Notre Dame Football: Malachi Jones

Q&A with T.J. Jones

November, 4, 2011
11/04/11
5:00
PM ET
T.J. Jones is second on Notre Dame with three receiving touchdowns, and he is third among Irish receivers in both catches (26) and receiving yards (280). The sophomore has started in seven of eight games this season, coming off a tragic offseason that saw his father, former Irish player Andre Jones, die from a brain aneurysm.

Jones' younger brother, Malachi, is also a budding football player, at North Gwinnett (Ga.) High School. Here, T.J. talks about his younger brother's progress, his own progress in his second year at Notre Dame and playing with future NFL receiver Michael Floyd.

[+] EnlargeNotre Dame's T.J. Jones
Brian Spurlock/US PRESSWIRET.J. Jones has 26 catches for 280 yards and three touchdowns this season.
How's Malachi's senior year coming along? What's the recruiting process looking like for him?

TJ: It's coming along well. He broke the 1,000-yard mark after last week. Set the all-time receptions record for his county, I think, last week as well. I don't think he has any offers yet, and I'm just trying to tell him, be patient. By the time signing day comes, he'll have one school. Even if it's like a small D-I, he'll have some school that'll offer, so it's really just working on him being patient.

No D-1 offers or no offers period?

TJ: No offers period.

Does he want to play football in college?

TJ: Yes, he does.

I'd imagine you and your family's history plays a big part in that.

TJ: Yeah, I would say so. (laughs)

Brian Kelly's teams have won 19 of their last 21 November and December regular-season games. He says it comes down to mental and phyiscal toughness. This is your second year here. How much further along do you see yourself at this stage in the year from last year?

TJ: I see myself way further along now than I was last year. Mentally and physically tougher. I'm not worn down. I almost feel like it's the beginning of the season now. Just my body and how practice is going. And I think it just begins with the offseason workouts and how we prepare through weight-lifting, conditioning and just mentally getting prepared for the season even though it's the offseason.

Coach Kelly said he couldn't point to one thing where the mental toughness comes from. Where's the mental toughness come from? Obviously your bodies are holding up better, but what makes you want to get back up there time after time in November?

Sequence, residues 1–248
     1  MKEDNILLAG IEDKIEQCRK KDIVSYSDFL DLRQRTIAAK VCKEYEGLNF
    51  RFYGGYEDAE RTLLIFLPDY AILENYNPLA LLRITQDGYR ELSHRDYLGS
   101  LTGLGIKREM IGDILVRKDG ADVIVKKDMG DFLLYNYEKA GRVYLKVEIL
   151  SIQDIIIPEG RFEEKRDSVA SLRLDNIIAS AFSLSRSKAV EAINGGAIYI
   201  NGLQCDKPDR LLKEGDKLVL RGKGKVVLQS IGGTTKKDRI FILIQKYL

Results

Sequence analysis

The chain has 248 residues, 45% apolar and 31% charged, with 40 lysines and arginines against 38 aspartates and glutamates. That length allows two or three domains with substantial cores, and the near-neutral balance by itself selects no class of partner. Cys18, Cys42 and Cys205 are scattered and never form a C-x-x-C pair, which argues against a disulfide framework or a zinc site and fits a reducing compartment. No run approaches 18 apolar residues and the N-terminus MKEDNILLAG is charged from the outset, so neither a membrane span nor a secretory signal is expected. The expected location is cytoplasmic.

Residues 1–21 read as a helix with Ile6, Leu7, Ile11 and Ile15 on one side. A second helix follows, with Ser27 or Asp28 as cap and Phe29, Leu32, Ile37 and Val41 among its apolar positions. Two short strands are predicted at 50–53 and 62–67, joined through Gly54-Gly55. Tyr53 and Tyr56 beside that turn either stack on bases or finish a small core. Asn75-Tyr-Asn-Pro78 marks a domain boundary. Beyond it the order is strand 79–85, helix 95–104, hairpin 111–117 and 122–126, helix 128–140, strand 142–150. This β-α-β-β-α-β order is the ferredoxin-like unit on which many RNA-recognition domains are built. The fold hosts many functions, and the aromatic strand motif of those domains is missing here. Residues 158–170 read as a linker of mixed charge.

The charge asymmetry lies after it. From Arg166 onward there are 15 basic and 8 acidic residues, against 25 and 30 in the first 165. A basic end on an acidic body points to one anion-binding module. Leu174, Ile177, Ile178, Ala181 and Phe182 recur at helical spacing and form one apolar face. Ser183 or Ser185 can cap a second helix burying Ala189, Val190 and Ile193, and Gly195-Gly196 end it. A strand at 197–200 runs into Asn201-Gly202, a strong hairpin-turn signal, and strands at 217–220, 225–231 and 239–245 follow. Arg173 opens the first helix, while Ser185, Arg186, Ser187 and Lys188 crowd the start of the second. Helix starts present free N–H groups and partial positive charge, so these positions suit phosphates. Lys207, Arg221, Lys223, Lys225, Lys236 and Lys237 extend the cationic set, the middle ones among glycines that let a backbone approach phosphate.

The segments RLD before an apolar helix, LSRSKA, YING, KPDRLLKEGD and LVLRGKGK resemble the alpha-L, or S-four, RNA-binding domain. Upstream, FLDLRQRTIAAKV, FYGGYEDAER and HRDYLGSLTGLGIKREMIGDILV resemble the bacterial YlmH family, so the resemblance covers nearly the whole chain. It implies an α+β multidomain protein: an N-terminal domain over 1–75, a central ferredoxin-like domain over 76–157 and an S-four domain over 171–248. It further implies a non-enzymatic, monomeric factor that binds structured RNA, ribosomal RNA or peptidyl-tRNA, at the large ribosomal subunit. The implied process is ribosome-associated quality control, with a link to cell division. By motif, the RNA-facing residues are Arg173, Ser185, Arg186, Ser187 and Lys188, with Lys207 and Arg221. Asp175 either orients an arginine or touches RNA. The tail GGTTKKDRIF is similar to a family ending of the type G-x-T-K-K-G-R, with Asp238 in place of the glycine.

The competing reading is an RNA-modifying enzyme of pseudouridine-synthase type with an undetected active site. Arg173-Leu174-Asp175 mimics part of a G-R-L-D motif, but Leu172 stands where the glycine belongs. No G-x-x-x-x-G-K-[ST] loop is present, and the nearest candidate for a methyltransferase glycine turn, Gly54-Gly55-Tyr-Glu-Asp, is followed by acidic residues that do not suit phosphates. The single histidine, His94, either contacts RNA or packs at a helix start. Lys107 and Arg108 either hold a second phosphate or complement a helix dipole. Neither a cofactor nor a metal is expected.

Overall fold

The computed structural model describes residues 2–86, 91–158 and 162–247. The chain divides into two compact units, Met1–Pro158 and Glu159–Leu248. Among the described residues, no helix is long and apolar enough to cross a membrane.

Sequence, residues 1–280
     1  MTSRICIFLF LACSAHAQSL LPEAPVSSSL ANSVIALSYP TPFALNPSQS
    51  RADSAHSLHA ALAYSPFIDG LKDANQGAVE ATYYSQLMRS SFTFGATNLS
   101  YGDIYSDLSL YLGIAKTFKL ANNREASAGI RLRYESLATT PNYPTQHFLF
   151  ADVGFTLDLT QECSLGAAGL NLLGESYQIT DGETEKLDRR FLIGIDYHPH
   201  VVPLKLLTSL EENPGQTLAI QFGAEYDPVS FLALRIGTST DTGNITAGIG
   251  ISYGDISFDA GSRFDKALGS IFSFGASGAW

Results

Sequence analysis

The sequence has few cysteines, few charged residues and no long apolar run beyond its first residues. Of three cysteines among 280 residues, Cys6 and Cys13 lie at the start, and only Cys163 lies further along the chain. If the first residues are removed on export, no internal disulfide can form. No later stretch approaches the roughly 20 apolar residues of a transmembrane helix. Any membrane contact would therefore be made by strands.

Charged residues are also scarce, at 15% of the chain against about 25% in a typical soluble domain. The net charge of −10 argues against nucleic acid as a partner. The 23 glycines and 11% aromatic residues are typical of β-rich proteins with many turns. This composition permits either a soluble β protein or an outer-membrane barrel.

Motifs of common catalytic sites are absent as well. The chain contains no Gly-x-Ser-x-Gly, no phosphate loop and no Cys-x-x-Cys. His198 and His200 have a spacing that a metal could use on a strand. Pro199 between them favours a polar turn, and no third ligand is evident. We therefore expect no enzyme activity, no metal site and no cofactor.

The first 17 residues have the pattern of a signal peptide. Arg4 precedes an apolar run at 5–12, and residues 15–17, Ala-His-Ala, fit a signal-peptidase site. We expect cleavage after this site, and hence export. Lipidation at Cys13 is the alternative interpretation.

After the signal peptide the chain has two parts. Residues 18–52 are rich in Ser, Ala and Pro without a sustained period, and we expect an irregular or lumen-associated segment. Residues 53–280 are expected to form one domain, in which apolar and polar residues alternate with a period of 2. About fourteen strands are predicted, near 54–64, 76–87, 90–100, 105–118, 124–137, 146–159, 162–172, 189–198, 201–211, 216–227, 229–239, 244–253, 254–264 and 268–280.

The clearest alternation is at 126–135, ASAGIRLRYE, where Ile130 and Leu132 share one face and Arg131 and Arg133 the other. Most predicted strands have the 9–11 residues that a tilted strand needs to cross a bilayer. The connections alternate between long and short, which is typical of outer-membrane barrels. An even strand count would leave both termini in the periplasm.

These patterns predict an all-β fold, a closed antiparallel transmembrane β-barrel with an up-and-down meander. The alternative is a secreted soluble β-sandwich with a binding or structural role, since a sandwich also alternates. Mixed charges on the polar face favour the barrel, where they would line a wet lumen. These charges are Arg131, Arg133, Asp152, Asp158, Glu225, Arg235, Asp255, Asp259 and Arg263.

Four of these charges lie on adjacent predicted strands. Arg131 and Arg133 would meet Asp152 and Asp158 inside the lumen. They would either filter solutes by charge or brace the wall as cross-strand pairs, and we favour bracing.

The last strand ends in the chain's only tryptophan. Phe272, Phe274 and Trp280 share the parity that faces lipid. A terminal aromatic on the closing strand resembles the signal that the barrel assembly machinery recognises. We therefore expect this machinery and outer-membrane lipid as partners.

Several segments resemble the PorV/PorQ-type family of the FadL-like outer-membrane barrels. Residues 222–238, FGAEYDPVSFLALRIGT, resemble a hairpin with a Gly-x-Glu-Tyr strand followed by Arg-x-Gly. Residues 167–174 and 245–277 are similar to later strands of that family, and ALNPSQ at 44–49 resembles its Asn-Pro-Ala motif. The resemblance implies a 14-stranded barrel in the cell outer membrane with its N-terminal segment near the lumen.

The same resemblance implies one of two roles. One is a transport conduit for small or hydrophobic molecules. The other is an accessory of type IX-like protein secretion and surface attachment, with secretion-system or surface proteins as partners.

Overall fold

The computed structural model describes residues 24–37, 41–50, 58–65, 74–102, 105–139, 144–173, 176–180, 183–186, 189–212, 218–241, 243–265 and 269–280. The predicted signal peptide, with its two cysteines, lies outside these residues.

TJ: I think the coaches put a lot of responsibility on us just to act as players and to be accountable for our jobs, which allows us to put that same weight on each other. And when it gets hard and you get beat down and you get worn out, you still want to push through and succeed because you're playing with your brothers on the field and you wouldn't want to let them down.

What's it like to learn under a guy like Michael Floyd? How much does he rub off on you and how much do you want to try to assume that mantle next year when he's gone?

TJ: He rubs off a great amount. He comes to work every day. He shows us how practice should be run every day. He makes the difficult catches. He makes the easy catches. He's the All-American player that everyone thinks he is, and it's great to learn from him and really use some tips that he gives.
SOUTH BEND, Ind. -- Andre Jones had a gift for reading people. Just a few moments upon meeting someone, he could tell if he or she were destined for great things. He would make people comfortable around him, they would eventually open up and relationships would gradually build.

There's a story Andre would often tell one of his sons, Malachi Jones, about how he befriended Jon Jeffries when both were at DeMatha (Md.) High School. Andre told his new friend that he loved him after just a few exchanges, that they would both accomplish a lot in school. Jeffries at first looked at him like he was crazy, but before long the two were playing football at Notre Dame and Virginia Tech, respectively.

"If you ever had the opportunity to meet my dad," Malachi said, "he pretty much touched everybody that he met."